The Following is an excerpt from a research paper entitled “Mental Illness in the Nineteen Thirties”. This paper was written as a research paper for high school level.

Juliana Cummings

Although mental illness has always existed in the United States, it wasn’t until the 1840’s that the government began to fund psychiatric hospitals. Being institutionalized was considered the most effective way to deal the mentally ill.   Through the late 1800’s and early 1900’s patients were often kept in restraints and would spend their days locked away in the asylum.

However, during the 1930’s, a number of new treatments were introduced. Doctors were trying to really understand what would cause a person to behave erratically.  Dr. Sigmund Freud had begun to come up with explanations for certain behaviors and in turn, new treatments were designed to help and even cure these individuals.   It was hoped that these treatments would transform and better the lives of those who were mentally ill.

Many of the treatments for mental illness were unintentionally cruel because at the time the psychiatrists firmly believed their treatments were helping and didn’t view them as crude.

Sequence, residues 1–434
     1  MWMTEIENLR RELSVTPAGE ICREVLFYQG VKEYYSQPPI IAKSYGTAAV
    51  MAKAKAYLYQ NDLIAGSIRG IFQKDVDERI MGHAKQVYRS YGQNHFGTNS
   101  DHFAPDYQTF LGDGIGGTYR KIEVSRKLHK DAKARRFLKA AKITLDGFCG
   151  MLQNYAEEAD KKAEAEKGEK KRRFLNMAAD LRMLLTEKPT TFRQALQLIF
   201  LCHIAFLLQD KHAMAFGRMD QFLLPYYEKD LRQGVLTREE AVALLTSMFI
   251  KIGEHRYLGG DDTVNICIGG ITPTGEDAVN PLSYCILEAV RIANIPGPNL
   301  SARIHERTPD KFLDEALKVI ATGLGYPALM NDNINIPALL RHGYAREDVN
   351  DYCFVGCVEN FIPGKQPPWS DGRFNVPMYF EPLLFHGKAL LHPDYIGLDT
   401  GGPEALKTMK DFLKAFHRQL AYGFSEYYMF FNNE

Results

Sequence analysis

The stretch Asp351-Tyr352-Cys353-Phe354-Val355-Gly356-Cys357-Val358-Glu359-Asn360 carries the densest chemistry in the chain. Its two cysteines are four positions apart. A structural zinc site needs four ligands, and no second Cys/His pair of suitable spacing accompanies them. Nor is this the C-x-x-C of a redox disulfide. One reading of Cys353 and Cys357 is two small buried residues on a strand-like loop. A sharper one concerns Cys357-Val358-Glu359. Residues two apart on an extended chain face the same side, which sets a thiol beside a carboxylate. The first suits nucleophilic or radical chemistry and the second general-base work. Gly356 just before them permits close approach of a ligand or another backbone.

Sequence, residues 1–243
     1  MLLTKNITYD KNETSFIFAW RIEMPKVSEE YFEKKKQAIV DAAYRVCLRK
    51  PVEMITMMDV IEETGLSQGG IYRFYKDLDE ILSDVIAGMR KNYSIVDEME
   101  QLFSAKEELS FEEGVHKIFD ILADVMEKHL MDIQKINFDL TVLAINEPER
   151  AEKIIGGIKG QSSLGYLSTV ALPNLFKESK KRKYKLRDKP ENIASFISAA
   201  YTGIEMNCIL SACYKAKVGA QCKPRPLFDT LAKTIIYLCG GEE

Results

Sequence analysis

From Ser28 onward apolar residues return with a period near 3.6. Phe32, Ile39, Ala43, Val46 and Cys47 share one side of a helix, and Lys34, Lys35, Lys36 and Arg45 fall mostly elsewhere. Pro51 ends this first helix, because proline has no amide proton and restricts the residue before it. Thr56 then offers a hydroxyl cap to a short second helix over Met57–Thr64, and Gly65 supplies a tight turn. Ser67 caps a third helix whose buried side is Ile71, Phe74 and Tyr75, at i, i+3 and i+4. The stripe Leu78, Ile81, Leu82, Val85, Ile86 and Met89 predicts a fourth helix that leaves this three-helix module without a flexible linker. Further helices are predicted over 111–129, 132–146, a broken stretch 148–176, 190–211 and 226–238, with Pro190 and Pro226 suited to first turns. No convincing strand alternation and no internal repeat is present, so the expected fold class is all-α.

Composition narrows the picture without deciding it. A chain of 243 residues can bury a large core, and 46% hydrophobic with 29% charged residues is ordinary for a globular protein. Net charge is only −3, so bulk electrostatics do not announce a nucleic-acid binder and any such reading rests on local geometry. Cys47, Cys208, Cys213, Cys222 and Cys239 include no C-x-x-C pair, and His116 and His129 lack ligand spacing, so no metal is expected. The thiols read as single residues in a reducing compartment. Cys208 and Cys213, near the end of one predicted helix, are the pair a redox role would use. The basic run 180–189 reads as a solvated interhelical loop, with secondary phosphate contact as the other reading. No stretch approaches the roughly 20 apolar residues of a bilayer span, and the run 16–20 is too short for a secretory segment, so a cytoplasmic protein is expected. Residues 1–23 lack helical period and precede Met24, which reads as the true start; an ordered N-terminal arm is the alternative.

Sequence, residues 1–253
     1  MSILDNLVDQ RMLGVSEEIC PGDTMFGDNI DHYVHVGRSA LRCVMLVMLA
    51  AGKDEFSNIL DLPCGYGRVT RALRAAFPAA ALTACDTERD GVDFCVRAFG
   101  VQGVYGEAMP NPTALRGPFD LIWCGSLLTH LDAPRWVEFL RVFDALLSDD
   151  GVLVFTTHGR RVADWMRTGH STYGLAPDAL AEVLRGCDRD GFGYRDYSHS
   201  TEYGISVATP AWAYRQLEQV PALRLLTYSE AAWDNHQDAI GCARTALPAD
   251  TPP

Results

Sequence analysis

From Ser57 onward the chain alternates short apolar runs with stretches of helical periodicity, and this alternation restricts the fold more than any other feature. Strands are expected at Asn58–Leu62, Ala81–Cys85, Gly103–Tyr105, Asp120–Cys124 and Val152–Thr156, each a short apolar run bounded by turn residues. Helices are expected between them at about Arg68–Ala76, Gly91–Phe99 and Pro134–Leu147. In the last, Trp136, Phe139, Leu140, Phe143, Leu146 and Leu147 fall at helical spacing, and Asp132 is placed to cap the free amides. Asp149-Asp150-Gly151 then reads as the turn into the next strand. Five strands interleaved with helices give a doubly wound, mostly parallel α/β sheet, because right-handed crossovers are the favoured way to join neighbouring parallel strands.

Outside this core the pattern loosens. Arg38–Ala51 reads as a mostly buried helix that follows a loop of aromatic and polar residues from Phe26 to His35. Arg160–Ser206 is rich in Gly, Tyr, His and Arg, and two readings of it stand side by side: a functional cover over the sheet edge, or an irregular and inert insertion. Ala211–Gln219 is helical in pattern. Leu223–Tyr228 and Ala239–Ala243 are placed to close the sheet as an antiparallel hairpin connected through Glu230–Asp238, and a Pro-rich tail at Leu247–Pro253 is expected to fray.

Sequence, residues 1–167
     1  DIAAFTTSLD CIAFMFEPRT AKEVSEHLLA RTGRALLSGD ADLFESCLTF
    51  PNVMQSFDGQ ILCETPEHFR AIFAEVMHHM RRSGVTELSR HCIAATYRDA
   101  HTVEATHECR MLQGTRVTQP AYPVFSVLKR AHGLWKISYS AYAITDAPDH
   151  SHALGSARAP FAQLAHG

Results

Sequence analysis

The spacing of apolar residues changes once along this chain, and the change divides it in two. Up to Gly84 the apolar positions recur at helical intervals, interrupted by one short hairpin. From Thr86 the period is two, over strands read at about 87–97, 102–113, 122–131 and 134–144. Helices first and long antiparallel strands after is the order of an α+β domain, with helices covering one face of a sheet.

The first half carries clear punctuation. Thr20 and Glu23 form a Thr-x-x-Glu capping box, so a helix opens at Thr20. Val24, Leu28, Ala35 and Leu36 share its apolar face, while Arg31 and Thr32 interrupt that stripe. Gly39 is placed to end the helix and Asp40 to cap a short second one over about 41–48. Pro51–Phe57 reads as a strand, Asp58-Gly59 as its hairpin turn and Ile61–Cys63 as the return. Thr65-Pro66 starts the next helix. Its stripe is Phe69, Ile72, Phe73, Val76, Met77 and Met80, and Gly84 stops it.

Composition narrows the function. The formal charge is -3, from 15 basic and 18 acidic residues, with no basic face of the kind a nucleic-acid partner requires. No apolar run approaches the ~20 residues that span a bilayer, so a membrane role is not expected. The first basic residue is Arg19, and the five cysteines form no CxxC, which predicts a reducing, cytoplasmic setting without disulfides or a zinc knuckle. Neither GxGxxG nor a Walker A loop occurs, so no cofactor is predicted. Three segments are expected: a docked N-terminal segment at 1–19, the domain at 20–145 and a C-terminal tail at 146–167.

One of the most humane treatments was Hydrotherapy.  Hydrotherapy was often used to calm the combative patient or those with suicidal tendencies.  Patients were often doused with water in a shower and wrapped in warm sheets. These methods were thought to relax and sedate patients. These continuous baths could last several hours or several days. Patients were placed in rooms with little light and noise and the wet sheets were kept at a temperature around ninety degrees.  Cold water therapy was often used in much the same way, with cold packs placed on the patient or the patient was placed in a shower of cold water.  Cold water therapy was often the approach used on patients suffering from manic depressive psychosis or those with “increased motor activity”.  Application of cold water slowed blood flow to the brain, resulting in decreased mental and physical activity.